• Entities

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    The proportion of business entities registered for gst

    Purpose

    To observe the trend in the registration for the goods and services tax (GST) over time by businesses required to be registered.

    Results

    Chart 9: Proportion of entities registered for GST

    Chart 9

    Table 7: Proportion of entities registered for GST

     

    2003 - 04

    2004 - 05

    2005- 06

    2006 - 07

    2007 - 08

    2008 - 09

    2009 - 10

    Rate of GST registrations

    96%

    96%

    96%

    95%

    96%

    96%

    N/A

    * From 2007-08 onwards this indicator uses the revised thresholds for GST registration of $150,000 for non- profit entities and $75,000 for most other entities.

    N/A - As the design for this indicator compares registration to income tax lodgment, the 2009-10 figure will not be available until 2011-12.

    Apart from the small increase in 2007-08, which reflects the change in the turnover threshold for registration, the trend of this measure, which compares income tax return data to GST data, has been relatively steady and suggests that there is a good level of taxpayer participation in the GST registration system. The impact of the threshold change reflects that the registration rate for entities close to the threshold is lower than for the rest of the population. As such, removing the requirement to register for these entities had a positive effect on the indicator.

    An analysis of the registration rate by entity type indicates that the trend has again been relatively stable over time. The registration rate for companies is the highest at around 98%, with Individuals running businesses as sole traders having the lowest at just over 90%. The change in threshold mainly impacted the individual rate, increasing it by over 1%.

    Reliability

    This indicator is deemed to have a medium level of reliability. The methodology has had minimal changes over time, but it does require businesses to lodge and accurately report business income in their tax returns. The measure can be highly influenced by policy and administrative changes, such as the impact from the change in the threshold.

    Methodology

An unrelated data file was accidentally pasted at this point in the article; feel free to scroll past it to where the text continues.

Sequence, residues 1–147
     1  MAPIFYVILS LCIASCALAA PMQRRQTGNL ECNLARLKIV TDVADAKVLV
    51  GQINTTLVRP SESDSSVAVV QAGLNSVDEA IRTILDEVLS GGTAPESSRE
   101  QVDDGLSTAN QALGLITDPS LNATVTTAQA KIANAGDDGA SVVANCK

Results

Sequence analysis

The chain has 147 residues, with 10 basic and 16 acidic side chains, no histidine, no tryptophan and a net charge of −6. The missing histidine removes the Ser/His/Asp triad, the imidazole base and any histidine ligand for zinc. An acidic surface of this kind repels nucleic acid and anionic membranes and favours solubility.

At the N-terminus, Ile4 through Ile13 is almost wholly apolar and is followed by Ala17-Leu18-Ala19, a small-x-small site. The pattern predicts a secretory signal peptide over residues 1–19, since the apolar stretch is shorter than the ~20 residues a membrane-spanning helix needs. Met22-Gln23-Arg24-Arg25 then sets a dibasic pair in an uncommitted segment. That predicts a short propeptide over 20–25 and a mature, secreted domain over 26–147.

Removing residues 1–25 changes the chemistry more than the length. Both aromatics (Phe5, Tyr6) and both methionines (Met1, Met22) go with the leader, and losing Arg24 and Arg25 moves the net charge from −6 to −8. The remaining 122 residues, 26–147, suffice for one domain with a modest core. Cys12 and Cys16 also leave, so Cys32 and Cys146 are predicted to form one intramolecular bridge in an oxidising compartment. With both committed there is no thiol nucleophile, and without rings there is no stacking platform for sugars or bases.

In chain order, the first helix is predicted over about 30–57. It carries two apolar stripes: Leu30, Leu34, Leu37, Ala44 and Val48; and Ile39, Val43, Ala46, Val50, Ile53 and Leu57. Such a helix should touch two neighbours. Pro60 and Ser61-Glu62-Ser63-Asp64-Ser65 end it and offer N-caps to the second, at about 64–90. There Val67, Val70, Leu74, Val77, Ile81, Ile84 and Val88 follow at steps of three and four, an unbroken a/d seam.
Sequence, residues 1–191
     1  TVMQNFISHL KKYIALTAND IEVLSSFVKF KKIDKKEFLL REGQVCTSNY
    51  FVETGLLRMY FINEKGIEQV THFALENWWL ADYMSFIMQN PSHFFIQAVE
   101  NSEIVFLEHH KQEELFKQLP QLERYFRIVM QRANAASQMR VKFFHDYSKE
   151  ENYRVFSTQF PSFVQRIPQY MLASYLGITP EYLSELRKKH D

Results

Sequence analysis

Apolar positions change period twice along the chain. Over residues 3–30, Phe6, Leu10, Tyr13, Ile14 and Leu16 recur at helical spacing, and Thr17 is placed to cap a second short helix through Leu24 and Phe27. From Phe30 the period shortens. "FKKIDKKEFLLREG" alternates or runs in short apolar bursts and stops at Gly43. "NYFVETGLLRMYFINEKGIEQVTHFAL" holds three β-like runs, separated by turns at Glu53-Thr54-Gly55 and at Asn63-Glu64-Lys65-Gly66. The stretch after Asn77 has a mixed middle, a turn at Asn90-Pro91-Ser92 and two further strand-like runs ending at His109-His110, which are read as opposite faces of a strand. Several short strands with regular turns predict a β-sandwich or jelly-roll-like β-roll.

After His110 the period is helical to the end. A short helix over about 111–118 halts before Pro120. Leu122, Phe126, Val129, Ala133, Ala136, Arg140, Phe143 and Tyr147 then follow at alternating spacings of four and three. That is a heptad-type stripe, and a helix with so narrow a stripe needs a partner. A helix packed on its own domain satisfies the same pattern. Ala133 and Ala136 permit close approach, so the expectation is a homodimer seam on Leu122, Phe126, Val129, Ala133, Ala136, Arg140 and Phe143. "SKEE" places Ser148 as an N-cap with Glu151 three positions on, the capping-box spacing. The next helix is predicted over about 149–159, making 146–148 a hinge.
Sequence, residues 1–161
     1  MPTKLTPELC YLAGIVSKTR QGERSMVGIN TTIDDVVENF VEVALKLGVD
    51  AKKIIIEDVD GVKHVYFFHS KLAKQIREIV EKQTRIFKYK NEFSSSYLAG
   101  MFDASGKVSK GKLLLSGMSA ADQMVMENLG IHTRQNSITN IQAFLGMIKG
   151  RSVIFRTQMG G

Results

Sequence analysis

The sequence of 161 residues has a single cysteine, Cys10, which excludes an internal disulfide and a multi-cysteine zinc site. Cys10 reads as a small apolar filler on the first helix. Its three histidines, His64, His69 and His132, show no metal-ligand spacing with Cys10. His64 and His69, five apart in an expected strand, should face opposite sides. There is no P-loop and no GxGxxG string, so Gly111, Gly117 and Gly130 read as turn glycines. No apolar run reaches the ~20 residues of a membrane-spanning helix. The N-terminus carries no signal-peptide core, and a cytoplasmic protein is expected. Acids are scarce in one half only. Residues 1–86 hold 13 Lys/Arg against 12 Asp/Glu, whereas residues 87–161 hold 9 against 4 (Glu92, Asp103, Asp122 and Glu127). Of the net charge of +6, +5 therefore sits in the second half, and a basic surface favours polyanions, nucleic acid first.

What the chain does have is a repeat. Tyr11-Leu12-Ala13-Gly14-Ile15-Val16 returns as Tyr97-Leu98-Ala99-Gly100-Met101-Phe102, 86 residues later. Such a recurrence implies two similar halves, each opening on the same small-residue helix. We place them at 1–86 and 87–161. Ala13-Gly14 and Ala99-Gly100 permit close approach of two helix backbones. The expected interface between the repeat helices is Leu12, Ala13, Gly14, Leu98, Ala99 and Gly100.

This indicator is the proportion of business entities registered for GST. The GST is charged on the supply of most goods, services and other transactions. The ATO requires an entity which is carrying on a business to register for GST where the entities turnover is over a certain threshold. Regardless of turnover, an entity must also register for GST if they provide taxi services.

    The rate of GST registrations for each income year is derived by using income tax return information to estimate the population required to be registered and then checking to see if these entities were either issued a Business Activity Statement (BAS) or a non reporting entity of a GST group. By using this methodology businesses which are deemed to be voluntarily registered for GST were excluded from the analysis.

    Most entities were deemed to be required to register for GST if their turnover was at least $50,000 ($100,000 for not for profits). From 2007-08 this threshold increased to $75,000 ($150,000 for not for profits). All entities which operate a taxi cab are required to register for GST, regardless of their turnover.

    Qualifications

    In estimating the registered population, the turnover was calculated using the income tax definition for business income. As there are slight differences between definition of turnover for income tax purposes and turnover for GST, a small number of entities may have been incorrectly included or excluded in our population. For example, share traders which are input taxed, can have high levels of income although they may not be required to register for the GST. Including these entities has the effect of understating effectiveness.

    The income tax population was confined to those returns lodged within 12 months of the end of an income year, primarily to enable timelier updating of the indicator. While changes in lodgment patterns can influence the measure, the registration rate for entities who lodged between 12 and 24 months after the income year is broadly consistent to the rate for entities lodged within 12 months. As such restricting the population does not affect analysis of the trend over time.

    The proportion of bas lodged on time

    Purpose

    To observe the trend in on time lodgments of a Business Activity Statement (BAS) by entities over time.

    Results

    Chart 10: Proportion of BAS lodged on time

    Chart 10

    Table 8: Proportion of BAS lodged on time

     

    2003 - 04

    2004 - 05

    2005- 06

    2006 - 07

    2007 - 08

    2008 - 09

    2009 - 10

    On time lodgment of BAS

    78%

    78%

    79%

    78%

    77%

    76%

    75%

    The trend for the proportion of BAS statements lodged on time has declined over the period. While this decline has been primarily driven by the lodgment performance of taxpayers who lodge quarterly, there was also a decline in 2009-10 by taxpayers who lodge monthly. The decline in the trend over time has been identified by the ATO as an area of concern and additional resources have been provided by State and Territory, and Federal Governments to target this issue. However it does coincide with a softening of economic conditions.

    Reliability